We want to be more effective in grants management, but our real challenge and priority is getting grant monies restored. I’ve been out to Washington, I’ve been working with the California delegation, and we have been working with the Department of Homeland Security.
Last year they cut some $800 million out of grants to state and local governments, and another $600 million in cuts are proposed for Fiscal Year 2007. We need to get those funds restored. Katrina emphasized there is much more we need to get done. Now is not the time to cut funding for our first responders.
What kind of cooperation do you get from the federal government?
I think you have to have two different views of the federal government. There’s a Washington, D.C., view of the federal government, and there is the federal government out in the field. There is a much better cooperative, collaborative, working relationship that happens outside the Beltway than that which happens inside.
Are there any changes in the relationship with the federal government you’d like to see? what would you want to change? one director told me he’d like a seat at the table in the planning stage to have more of a say.
You’ll find that’s a uniformly expressed concern. There’s kind of the view from D.C. that we’re a bunch of country bumpkins out here who haven’t thought of things before. We’ve been at this a long time. I’m not saying there might not be new, brilliant breakthroughs, but if I were to venture a guess, I would say they were going to come from the field—from the bottom up, not from D.C. down.
Before they come up with these ideas, they ought to be working with all of the state homeland security directors in a more collaborative way.
Let me give a perfect example: the risk allocation formula that they used with Urban Area Security Initiative this year. I’m not impressed they did three billion calculations, as they assert, when common sense tells you they didn’t get the right answer.
And you know common sense says you weren’t measuring risk accurately when your sixth and seventh largest cities in the country—Phoenix, Arizona, and San Diego, California—fall off the list. I think you have a problem when you look at East Coast versus West Coast and there is an East Coast bias, because Las Vegas, San Diego, Phoenix, and Sacramento fall off the list, but you start adding more cities on the East Coast. There must be something wrong with the formula.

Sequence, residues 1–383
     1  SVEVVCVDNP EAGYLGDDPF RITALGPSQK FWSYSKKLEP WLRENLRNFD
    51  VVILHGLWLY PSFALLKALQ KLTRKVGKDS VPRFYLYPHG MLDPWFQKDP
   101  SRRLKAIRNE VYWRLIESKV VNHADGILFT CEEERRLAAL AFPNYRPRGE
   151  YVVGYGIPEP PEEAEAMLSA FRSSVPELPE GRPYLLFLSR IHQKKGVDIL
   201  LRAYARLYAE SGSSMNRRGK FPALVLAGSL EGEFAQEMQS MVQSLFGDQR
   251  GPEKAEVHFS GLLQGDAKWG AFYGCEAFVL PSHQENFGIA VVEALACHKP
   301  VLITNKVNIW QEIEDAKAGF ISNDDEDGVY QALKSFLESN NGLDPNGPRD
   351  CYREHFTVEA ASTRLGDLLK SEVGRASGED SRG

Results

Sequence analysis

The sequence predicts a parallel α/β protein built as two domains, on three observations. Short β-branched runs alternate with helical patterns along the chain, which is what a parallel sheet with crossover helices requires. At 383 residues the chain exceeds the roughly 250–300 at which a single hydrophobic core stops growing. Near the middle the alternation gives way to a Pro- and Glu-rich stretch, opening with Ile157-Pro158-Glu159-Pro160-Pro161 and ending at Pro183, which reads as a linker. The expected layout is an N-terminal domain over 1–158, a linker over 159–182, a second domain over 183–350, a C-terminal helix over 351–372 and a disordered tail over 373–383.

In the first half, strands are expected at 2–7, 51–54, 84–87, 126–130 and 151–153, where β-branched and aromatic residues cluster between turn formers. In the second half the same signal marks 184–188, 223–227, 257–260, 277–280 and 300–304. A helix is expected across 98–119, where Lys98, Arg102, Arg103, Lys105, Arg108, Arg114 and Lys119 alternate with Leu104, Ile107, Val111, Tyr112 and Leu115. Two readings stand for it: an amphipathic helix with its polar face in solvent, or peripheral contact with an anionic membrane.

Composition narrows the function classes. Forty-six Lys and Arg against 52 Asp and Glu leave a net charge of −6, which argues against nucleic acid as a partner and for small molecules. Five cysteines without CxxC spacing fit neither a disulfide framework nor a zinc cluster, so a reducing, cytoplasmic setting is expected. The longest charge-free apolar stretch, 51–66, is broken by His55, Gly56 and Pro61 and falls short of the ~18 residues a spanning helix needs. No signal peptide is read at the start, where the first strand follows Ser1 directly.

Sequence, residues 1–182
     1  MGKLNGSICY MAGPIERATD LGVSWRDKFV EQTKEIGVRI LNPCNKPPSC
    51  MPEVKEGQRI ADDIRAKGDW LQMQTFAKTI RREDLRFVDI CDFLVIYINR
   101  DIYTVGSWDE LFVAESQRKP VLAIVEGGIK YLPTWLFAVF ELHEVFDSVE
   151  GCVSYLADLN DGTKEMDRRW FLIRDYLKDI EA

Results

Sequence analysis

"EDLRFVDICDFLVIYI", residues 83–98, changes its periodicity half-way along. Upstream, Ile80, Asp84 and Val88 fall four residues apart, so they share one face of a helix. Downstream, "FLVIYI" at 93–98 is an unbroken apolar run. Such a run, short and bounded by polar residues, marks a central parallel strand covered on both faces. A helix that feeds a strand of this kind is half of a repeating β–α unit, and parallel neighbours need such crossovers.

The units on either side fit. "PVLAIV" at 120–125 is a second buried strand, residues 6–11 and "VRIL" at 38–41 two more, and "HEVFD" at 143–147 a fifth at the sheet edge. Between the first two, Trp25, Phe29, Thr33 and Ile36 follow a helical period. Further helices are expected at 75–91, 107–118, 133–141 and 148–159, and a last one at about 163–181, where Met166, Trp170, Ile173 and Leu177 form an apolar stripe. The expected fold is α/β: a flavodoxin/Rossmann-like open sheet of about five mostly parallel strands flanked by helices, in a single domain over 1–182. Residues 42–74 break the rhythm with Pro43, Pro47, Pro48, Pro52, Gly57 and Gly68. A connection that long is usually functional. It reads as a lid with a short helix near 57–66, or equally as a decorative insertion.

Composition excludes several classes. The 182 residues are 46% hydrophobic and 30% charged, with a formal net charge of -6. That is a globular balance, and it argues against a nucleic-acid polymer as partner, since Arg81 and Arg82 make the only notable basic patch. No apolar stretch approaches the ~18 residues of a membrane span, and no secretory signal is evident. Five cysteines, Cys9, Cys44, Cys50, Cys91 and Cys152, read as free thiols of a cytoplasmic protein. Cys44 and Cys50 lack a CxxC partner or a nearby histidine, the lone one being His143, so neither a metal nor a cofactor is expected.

On the funding side, what does the federal government give you, and what are the department’s other sources of funding?
We have the state homeland security grant program—that’s primarily where you find the state funding for state agencies and needs. We get our 20 percent. That program has been slashed in half this fiscal year. We don’t yet know what our new allocation will be. But the program went from $1 billion to half that.
Our share was $134 million for the state last year—80 percent of that goes to our local partners. Twenty percent of that, or $26 million, was for supporting state agency and statewide efforts for homeland security preparedness. The individual budget for our office for those six core function areas is in the range of $7 million. Now is not the time to be reducing the financial support allocated for our first responders.
Can you talk a little about how you are involving and working with businesses to share intelligence, develop counterterrorism strategies, and prepare for emergency response in california?
Counties such as San Diego, L.A., and Orange have been leaders in putting together homeland security advisory councils that have business leaders on them.
Individually here in California we have been working with BENS [Business Executives for National Security] to develop our own in-state infrastructure, and enlist them more in being involved in strategic national stockpiles, the pharmaceutical stockpile distribution, better information sharing, resource typing, and inventorying of what the private sector can provide.
Governor Schwarzenegger signed legislation out here last fall (S.B. 546–which promotes better cooperation and coordination with private business in emergency response). Our private sector partners have a lot of robust capabilities not only in terms of restoring their own services but also in terms of logistics and bringing important commodities into devastated areas, including water, food, and electric generators. We’re trying to make sure we are tapping those talents and resources as best we can in an integrated fashion within the overall local and state planning.